When Ranger Ramirez gets to Mexico, the movie makes some vague references to Ranger Ramirez enlisting the help of Mexican federales to try to find Jackson, as well as the man who shot Lucas. But these federales are barely seen in the movie and certainly aren’t written as important characters. It’s an example of how the filmmakers marginalize Mexican law enforcement throughout the entire movie. Ranger Ramirez is the only Latino person in the movie who has a significant role as law enforcement, and he’s set up to be a character to go after a white guy who’s supposed to be sympathetic.

And the filmmakers literally have Jackson go on what turns out to be a sympathy tour in Mexico. Everywhere that Jackson goes while he’s hiding from the law, he has Mexicans bending over backwards to help him because they feel sorry for him, even though he’s a stranger who has all the signs of someone who’s left somewhere abruptly and is trying to hide from something: He’s new to the area and homeless; he has no possessions except his horse and a few personal items; and he doesn’t talk about his background.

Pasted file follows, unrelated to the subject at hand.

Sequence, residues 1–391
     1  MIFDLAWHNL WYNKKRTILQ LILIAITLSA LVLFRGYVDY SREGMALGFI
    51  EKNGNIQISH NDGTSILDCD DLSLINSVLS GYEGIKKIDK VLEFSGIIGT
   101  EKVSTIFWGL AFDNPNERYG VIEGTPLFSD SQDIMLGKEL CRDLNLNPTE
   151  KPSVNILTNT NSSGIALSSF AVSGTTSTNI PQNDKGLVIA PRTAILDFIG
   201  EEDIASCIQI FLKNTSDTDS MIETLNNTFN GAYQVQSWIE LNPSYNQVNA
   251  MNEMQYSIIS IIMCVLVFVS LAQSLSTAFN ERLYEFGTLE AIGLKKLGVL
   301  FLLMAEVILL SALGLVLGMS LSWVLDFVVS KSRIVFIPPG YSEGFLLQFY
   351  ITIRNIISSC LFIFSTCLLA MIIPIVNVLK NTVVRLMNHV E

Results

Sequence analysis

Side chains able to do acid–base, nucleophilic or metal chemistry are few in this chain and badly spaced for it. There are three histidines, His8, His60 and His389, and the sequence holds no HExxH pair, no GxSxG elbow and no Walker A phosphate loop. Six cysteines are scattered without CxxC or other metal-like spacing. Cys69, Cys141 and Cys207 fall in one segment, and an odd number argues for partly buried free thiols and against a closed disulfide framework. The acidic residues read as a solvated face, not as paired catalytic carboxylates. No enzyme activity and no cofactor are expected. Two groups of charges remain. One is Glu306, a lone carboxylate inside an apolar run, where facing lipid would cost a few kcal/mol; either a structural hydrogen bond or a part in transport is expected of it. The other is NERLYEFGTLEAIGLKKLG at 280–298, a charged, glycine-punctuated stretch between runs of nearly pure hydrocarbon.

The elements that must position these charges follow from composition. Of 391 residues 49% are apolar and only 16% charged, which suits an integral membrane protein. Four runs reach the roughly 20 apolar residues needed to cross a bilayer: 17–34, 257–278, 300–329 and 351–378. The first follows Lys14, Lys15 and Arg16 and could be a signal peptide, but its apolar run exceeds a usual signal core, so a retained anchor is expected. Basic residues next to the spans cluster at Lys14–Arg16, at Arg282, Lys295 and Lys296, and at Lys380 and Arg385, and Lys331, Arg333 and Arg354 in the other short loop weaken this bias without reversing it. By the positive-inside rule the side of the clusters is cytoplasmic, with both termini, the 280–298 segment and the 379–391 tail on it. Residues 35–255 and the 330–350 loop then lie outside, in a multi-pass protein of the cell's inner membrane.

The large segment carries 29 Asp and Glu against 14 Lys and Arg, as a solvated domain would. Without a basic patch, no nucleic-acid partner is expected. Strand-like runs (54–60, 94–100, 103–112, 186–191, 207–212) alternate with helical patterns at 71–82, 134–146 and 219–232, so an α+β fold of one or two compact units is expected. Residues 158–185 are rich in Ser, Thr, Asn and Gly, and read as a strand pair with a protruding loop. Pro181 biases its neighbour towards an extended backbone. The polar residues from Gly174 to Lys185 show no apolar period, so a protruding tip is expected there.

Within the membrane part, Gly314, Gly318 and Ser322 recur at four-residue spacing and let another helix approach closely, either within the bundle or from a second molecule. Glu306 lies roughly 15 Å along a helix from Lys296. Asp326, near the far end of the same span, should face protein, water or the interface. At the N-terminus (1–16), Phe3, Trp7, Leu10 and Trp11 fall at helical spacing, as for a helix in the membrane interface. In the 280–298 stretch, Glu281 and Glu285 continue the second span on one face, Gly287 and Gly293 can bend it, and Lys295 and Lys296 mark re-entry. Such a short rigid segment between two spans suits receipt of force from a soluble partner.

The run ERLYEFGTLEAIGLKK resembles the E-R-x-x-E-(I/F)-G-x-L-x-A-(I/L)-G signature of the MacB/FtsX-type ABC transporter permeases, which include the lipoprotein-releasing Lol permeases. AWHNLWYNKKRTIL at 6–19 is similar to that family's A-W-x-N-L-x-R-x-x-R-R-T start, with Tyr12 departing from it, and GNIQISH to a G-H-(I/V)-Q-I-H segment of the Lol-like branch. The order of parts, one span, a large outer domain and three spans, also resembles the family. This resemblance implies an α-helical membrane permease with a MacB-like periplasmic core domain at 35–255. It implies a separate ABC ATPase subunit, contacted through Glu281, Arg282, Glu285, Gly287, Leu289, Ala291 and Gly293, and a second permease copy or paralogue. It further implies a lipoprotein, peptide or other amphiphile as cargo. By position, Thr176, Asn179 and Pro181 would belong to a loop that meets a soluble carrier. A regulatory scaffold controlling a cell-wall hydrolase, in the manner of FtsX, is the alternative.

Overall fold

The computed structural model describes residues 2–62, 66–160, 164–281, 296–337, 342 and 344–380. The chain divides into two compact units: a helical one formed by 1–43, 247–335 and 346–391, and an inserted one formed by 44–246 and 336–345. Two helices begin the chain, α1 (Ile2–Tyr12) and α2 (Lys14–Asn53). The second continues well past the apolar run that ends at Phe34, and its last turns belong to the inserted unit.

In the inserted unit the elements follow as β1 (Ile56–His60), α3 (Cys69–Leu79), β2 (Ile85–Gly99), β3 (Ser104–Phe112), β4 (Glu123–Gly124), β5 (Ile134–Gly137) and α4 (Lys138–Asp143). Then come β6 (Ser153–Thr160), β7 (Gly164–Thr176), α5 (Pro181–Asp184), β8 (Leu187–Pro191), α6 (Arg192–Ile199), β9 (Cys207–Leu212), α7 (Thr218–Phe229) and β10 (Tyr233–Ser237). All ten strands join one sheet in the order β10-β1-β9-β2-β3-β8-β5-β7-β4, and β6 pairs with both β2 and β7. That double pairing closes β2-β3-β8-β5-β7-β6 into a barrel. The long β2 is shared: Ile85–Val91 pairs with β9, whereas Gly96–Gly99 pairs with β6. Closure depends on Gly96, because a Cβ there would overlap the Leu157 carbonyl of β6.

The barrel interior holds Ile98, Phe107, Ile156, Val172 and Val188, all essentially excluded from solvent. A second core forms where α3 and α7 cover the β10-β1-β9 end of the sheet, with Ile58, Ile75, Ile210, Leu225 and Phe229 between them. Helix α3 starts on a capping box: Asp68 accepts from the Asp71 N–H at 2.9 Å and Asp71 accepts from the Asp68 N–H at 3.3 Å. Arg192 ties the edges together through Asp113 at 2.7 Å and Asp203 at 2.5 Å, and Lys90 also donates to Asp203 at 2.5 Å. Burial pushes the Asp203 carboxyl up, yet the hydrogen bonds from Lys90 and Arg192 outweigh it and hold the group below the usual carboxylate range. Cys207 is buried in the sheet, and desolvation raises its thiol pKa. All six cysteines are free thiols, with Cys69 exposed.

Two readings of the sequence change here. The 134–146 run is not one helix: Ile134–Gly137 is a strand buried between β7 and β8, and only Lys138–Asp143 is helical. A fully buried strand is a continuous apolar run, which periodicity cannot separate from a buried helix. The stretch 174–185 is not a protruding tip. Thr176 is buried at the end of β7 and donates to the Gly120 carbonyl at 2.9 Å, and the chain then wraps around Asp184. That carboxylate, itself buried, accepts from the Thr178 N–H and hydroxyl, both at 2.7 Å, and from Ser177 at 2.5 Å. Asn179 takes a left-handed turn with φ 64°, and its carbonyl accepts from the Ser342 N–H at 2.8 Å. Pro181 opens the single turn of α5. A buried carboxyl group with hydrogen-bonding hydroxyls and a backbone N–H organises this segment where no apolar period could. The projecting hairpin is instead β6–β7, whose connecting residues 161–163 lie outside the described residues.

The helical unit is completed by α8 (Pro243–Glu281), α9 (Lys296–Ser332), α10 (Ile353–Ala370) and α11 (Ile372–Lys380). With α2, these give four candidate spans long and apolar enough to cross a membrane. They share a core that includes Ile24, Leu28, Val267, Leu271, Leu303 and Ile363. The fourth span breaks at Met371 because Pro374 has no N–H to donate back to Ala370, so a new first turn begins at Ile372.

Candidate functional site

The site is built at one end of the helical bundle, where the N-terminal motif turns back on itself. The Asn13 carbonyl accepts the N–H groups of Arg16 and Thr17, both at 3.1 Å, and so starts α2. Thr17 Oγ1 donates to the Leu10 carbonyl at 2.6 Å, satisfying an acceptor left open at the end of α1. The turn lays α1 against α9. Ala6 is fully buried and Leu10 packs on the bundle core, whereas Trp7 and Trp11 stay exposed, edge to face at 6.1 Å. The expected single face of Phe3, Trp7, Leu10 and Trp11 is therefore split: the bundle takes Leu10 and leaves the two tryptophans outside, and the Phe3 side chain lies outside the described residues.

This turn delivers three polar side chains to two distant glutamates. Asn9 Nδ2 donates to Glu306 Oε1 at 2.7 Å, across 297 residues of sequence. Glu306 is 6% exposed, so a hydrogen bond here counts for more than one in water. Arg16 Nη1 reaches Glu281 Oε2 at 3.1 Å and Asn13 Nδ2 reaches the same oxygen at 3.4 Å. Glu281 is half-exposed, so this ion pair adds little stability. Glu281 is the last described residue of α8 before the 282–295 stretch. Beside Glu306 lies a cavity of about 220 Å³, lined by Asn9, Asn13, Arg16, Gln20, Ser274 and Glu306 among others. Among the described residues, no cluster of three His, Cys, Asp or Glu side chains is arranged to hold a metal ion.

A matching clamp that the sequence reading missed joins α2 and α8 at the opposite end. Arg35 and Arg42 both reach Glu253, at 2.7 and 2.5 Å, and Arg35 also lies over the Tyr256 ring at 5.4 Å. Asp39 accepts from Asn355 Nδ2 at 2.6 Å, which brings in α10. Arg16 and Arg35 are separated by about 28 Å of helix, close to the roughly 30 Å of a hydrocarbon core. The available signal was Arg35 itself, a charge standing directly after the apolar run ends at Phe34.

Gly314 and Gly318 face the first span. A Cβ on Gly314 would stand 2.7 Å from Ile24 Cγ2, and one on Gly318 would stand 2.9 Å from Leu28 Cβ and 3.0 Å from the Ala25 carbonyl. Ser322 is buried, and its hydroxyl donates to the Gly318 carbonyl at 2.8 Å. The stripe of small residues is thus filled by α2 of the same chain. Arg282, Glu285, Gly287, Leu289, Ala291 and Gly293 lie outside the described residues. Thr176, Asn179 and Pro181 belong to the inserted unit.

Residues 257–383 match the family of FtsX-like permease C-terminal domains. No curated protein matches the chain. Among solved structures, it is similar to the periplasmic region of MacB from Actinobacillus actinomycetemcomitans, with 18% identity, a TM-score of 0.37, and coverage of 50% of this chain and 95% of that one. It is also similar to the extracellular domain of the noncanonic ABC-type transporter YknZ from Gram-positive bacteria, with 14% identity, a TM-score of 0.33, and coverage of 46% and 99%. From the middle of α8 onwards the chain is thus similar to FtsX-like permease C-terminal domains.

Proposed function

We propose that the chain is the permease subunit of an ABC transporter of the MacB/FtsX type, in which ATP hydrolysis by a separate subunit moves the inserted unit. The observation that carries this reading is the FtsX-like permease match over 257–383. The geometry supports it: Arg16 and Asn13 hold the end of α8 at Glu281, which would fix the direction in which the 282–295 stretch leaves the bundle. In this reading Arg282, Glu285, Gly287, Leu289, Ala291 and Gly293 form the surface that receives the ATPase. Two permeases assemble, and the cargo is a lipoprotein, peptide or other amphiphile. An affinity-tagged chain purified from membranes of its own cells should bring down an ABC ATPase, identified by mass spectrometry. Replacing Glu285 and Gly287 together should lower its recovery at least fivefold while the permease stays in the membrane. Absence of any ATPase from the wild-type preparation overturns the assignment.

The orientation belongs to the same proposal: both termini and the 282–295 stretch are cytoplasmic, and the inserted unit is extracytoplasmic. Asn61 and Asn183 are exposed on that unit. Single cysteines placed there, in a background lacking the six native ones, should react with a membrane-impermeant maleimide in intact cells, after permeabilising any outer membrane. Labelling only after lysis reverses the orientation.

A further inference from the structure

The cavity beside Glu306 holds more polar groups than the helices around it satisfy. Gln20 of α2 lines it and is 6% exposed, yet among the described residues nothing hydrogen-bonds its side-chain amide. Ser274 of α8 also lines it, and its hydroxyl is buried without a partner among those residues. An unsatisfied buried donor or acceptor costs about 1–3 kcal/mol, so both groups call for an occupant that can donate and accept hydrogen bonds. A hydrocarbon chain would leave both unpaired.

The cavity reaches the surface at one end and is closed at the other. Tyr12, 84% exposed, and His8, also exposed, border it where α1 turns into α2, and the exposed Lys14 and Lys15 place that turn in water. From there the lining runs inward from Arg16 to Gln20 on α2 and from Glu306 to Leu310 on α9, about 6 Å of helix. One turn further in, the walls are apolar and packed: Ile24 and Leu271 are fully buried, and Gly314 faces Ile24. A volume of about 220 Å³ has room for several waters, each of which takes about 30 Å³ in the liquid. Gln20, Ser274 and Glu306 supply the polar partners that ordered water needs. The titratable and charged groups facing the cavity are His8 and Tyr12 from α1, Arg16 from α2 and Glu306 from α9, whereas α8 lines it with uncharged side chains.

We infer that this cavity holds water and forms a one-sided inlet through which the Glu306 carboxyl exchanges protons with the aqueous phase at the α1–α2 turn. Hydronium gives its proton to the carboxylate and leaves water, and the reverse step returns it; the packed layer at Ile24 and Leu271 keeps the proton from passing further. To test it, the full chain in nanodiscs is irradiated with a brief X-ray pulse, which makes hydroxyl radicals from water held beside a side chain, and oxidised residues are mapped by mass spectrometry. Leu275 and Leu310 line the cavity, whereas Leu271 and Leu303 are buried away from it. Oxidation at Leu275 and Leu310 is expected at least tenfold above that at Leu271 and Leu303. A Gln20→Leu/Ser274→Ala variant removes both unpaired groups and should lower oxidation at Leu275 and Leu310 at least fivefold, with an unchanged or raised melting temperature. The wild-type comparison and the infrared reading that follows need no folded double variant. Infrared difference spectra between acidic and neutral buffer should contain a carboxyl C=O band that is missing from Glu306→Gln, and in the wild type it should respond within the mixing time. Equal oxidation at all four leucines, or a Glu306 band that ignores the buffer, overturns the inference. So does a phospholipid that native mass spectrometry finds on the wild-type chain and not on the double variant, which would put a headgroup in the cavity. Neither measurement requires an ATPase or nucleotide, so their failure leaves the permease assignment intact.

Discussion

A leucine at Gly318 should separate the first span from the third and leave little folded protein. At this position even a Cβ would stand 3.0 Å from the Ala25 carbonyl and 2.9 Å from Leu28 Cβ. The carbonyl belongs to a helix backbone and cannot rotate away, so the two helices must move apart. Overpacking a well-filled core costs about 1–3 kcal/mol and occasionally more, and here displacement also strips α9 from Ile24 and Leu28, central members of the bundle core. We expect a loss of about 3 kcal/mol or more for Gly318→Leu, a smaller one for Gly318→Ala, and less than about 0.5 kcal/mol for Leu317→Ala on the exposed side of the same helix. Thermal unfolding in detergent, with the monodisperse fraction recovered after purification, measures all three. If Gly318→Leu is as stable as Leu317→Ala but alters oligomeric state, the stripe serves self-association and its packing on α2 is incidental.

Jackson doesn’t even know what city he’s in for most of the time he’s in Mexico. He doesn’t bother to use a map, but he has all these friendly Mexicans willing to help him when he wants to hide out somewhere and get advice on where to go next. It’s the movie’s way of saying that a good-looking American white guy who’s a fugitive hiding in Mexico and who doesn’t know Spanish should have it this easy, just because he’s a good-looking American white guy.

That’s what happens when Jackson, who’s on horseback on a nearly deserted road, encounters a truck with a small family of ranchers are who heading back to their home. Even though they know nothing about him, Jackson quickly convinces them on the spot to hire him to work on their ranch and give him and his horse a place to stay. The family happens to have a truck that is already equipped to transport a horse in the back of the truck. Before they drive back to the family’s ranch, Jackson (showing his privileged attitude) acts a little surprised and embarrassed when they tell him that he has to stay in the back of the truck with the horse because there’s no room for Jackson in the front.